Christmas? Yes, Christmas is on its way as Kate Rusby confirms York Barbican concert

Kate Rusby in her Holly Headwear. Picture: David Lindsay

WHAT a relief to be able to mention another C-word in these Coronavirus-clouded times.  Christmas. Kate Rusby at Christmas, to be precise.

Tickets for the Barnsley nightingale’s now traditional York Barbican Christmas concert on December 20 go on sale tomorrow morning (April 10) at yorkbarbican.co.uk.

Kate’s sparkling Christmas shows draw on merry Christmas versions of carols, once banned from frowning Victorian churches for being too jolly, that instead found their home in the pubs of South Yorkshire (and North Derbyshire and Cornwall). 

“Christmas songs were seeping into our brains,” says Kate Rusby, recalling her childhood exposure to South Yorkshire ‘pub sings’. Picture: David Angel

For 200 years, those South Yorkshire communities have congregated on Sunday lunchtimes from late-November to belt out, for example, variations on While Shepherds Watched.

“The Christmas side of things began for me in the ‘pub sings’ around South Yorkshire,” Kate told CharlesHutchPress last winter ahead of her York Barbican concert with her regular folk band and “brass boys” quintet on December 18.

“We were taken along as kids; our parents would be in the main room singing away, while us kids were sat with the other kids in the tap room, colouring [pictures] and drinking pop, unaware that the carols and Christmas songs were seeping into our brains!

“I decided anyone who adores Christmas music is called a ‘Holly Head’, ” says Kate Rusby, explaining her album title

“They’re mostly songs thrown out of the churches by the Victorians as they were thought to be far too happy! Ha! Those who loved singing them took them to the pubs, where you could combine a good old sing with beer and a natter, and there the songs have remained and been kept alive, being passed down the generations.”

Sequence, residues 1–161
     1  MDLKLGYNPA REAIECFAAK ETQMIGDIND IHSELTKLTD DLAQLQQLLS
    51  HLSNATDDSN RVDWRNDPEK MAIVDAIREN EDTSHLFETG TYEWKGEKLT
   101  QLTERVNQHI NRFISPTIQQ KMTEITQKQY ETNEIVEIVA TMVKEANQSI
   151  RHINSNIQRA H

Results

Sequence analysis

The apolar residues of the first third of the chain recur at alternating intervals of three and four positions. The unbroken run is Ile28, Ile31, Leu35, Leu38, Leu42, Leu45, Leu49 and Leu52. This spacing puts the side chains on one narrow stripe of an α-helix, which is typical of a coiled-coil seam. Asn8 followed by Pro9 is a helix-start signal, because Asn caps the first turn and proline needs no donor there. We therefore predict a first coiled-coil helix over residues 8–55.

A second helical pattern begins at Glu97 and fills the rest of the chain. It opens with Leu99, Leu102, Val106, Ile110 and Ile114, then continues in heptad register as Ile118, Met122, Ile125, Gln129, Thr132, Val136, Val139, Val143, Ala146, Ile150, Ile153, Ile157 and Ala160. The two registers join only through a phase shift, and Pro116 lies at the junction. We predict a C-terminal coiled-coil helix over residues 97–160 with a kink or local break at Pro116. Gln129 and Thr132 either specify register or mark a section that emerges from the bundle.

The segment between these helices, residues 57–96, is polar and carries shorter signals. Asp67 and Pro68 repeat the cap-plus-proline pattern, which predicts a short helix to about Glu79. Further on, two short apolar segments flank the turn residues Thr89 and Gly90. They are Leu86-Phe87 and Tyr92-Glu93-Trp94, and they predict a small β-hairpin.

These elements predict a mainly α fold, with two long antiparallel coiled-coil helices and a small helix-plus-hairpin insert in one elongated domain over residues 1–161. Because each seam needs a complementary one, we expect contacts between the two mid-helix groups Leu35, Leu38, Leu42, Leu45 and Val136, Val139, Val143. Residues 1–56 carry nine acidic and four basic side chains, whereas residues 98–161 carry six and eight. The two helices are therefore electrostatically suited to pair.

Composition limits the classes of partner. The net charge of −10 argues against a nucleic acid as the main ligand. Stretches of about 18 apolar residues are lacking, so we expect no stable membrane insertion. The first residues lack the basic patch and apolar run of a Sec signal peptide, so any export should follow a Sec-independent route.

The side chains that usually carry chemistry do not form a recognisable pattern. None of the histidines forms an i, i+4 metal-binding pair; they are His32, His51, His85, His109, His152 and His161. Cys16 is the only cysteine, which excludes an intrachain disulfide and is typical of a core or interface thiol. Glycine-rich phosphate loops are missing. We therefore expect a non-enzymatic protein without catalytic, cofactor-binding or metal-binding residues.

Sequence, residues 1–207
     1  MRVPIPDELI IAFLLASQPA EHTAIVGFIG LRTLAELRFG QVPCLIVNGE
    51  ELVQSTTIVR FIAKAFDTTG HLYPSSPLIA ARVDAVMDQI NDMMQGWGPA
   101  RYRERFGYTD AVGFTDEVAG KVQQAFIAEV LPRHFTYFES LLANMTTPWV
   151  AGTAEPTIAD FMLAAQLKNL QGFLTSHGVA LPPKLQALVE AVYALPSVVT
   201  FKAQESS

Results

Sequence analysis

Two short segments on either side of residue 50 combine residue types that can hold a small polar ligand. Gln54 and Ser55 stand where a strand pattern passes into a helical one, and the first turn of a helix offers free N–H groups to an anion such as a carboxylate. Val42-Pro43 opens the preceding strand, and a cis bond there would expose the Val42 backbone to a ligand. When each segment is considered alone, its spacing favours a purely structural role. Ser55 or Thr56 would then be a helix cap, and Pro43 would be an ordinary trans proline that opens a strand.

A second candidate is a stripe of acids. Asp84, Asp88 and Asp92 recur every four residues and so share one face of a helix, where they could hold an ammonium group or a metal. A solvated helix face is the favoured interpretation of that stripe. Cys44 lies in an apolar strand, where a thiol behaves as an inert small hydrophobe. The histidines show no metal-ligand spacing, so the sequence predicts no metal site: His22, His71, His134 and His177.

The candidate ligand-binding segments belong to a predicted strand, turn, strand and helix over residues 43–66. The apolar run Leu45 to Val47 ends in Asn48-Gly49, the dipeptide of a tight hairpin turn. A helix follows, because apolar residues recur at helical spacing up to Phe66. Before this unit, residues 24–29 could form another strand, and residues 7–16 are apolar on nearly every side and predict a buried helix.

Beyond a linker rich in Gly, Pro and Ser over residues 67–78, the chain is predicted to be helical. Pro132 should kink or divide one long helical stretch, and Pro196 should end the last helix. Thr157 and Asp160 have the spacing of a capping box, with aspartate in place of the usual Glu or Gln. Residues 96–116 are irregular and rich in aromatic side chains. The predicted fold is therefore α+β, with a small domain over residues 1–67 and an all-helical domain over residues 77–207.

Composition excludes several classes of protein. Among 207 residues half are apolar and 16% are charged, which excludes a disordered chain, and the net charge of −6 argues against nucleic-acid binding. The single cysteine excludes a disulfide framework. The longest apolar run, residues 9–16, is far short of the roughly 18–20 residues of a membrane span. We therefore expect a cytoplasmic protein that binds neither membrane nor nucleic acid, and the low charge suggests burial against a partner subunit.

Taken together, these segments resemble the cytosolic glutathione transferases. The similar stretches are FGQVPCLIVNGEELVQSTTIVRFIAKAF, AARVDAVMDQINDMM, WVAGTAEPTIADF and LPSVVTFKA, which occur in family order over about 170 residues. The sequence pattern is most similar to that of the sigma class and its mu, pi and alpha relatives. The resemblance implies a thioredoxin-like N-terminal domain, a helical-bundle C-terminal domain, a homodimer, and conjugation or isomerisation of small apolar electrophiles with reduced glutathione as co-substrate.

So much so, Kate has released five albums of carols and original winter songs on her own Pure Records label: 2008’s Sweet Bells, 2011’s While Mortals Sleep, 2015’s The Frost Is All Over, 2017’s Angels And Men and last year’s Holly Head

“Well, I decided anyone who adores Christmas music is called a ‘Holly Head’,” she said, explaining the title. “You know, like car fanatics are petrol heads. I thought it was the perfect title for such people, and I’m a fully paid-up member of the Holly Head club.”

The album artwork for Kate Rusby’s 2019 album, Holly Head

Songs on Holly Head ranged from the Rusby original The Holly King, to a cover of John Rox’s novelty Christmas number Hippo For Christmas, via the carol Salute The Morn, a brace of God’s Own Country variations, Yorkshire Three Ships and Bleak Midwinter (Yorkshire) and Kate’s sixth iteration of While Shepherds Watched.

“There’s over 30 different versions of While Shepherds Watched that get sung in the pubs here in South Yorkshire, so I’ve still got a lot to go at,” said Kate last December. “This one is actually to the tune of a different song that I also love, but I wasn’t that keen on the words, then realised it went with the While Shepherds words, so yey, another has now been invented.” 

Picking the song most significant to her on Holly Head, Kate chose her own composition The Holly King. “It celebrates the more pagan side of Christmas. I wrote it after reading about the winter king, The Holly King, and the summer king, The Ivy King,” she said.

Kate Rusby: Writing for her next Christmas record. Picture: David Angel

“Legend has it that the two met twice a year and had almighty battles. Going into winter, the Holly King would win and reign for the winter months. Then the Ivy King would wake and overthrow the Holly King and reign through the summer months, and on they went in a perfect cycle.

“I just loved the images that it conjured up and a song came flowing out. I gave him a wife, The Queen of Frost, who creeps across the land to be with him for his time. In fact, I’m now writing her song, so she will appear on the next Christmas album, I’m sure.”

May The Queen of Frost glide her icy path to York Barbican come December 20.